The tech model has the inflator and OPV protected on the side close to the diver and both located on the bottom, you can switch them to have the inflator on the left or right and it comes up from under the arm. With a fifth port first stage you can go as short as 6″ to 9″ but it can limit cylinder movement so some people don’t like it. With standard first stages a 15″ to 22″ works better.
The OW model has the inflator hose over the shoulder so the most appropriate lengths will range from 15″, 22″ or 27″, the larger the size the longer the hose needed, up to XL can use 22″.
One of the key points of side mount is the regulators are now under your arms and the hose lengths are crucial for comfort. Standard regulator hose lengths are 28″ to 30″ and OW inflator hoses are 27″ to 28″ and in most cases too long. The best tips for comfort are 70 degree angle adapters on the regulator hoses, fifth port first stages for optimum hose routing and 6″ hoses on the SPG. And like Jared and me, there is not a single solution that works for everyone.
Lamar sidemounting the Dive Rite Nomad
I find it amusing and flattering that some manufacturers have discovered side mount diving and build everything from ultra light to hard core cave exploration side mount systems. I have been diving and building them for more than 30 years and enjoy doing it. We are a small company in North Florida, we design, test and build our buoyancy systems in the USA. I see claims of “the only CE approved side mount system”, “the choice of professionals”. I read these claims and smile. I know or trained most of these professionals, I wrote the first side mount certification course for the Cave Diving Section of the National Speleological Society and proofed the programs for many other agencies.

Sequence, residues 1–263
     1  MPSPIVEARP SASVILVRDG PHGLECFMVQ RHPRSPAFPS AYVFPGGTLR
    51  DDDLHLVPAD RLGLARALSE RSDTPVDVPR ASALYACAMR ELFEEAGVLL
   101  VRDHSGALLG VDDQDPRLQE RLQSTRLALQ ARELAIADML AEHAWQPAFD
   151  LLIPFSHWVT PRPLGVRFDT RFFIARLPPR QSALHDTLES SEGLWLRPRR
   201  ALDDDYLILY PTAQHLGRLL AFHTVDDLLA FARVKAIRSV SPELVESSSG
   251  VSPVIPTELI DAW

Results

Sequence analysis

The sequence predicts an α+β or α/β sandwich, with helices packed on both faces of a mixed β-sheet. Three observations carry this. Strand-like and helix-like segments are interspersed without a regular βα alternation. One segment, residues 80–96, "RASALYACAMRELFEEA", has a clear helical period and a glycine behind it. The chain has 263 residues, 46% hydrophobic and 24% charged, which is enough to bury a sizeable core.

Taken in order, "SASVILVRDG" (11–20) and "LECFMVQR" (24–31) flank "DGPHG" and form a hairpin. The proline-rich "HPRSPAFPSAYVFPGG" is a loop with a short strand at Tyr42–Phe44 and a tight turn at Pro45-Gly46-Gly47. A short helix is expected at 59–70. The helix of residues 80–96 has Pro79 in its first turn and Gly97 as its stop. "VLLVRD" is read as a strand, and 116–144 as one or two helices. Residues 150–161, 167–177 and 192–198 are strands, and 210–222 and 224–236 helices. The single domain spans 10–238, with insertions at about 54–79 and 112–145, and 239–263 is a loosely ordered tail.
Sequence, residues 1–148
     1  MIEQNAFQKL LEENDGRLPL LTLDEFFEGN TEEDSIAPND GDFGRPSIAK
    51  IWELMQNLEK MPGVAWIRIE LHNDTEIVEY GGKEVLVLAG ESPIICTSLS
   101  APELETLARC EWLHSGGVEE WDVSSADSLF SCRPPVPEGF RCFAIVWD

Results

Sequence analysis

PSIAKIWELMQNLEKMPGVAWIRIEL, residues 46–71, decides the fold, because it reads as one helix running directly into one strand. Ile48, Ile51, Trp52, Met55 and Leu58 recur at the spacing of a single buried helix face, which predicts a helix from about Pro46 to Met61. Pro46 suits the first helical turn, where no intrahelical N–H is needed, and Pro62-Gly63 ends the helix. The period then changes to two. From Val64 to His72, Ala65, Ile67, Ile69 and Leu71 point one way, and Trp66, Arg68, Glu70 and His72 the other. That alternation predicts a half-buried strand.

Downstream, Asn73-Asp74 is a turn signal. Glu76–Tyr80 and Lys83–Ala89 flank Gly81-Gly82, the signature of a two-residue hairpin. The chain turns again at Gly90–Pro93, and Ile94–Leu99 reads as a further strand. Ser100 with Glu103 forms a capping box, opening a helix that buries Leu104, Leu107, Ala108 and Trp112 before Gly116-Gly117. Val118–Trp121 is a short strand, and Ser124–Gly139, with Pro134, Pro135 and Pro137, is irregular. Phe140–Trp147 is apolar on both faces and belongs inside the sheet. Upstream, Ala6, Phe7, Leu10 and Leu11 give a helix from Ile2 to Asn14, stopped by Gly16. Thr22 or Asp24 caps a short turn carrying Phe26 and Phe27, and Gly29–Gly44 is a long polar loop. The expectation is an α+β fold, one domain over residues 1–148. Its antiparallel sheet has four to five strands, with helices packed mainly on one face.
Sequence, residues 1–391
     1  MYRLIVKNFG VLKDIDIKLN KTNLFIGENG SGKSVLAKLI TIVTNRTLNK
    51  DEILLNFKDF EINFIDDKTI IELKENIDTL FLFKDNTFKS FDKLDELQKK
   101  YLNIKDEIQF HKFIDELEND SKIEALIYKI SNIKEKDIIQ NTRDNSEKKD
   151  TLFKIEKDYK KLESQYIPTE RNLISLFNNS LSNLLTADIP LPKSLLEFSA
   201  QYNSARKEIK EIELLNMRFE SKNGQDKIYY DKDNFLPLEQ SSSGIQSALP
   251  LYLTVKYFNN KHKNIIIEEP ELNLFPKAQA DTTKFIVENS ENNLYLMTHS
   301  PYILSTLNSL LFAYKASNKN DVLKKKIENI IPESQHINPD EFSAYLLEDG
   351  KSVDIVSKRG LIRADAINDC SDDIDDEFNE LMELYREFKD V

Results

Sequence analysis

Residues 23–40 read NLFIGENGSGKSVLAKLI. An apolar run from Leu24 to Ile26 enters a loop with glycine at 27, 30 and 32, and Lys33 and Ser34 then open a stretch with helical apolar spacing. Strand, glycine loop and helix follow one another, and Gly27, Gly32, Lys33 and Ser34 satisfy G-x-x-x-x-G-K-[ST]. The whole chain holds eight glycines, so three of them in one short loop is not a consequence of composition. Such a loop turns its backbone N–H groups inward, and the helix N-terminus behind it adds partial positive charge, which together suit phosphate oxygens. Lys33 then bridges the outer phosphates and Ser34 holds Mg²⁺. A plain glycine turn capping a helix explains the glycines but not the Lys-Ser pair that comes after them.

Side mount can be a life style or mission specific diving application, for me its just another tool in my bag for exploration. When it comes to diving equipment design I like the trickle down effect. After I dive it in Antarctica, a small cave in North Florida, or a wreck off the coast then it’s ready for the marketplace.
All Dive Rite buoyancy devices are built in a UL certified facility and go thru UL testing before we introduce it to the marketplace. After we tweak the product thru consumer feedback then we take it to CE testing in Europe. UL testing is more stringent than CE testing. UL inspects the production facility and testing procedures annually while CE is a test of products selected by the manufacturer for testing. I prefer to make sure it meets UL standards in the USA before taking it over to Europe for a one time inspection but that’s just the way I like to do things.
It’s not always about price but what’s behind the product. We are 25 years of experience and a real passion for diving. I travel all over the world just to make sure I haven’t left anyone out when I design products.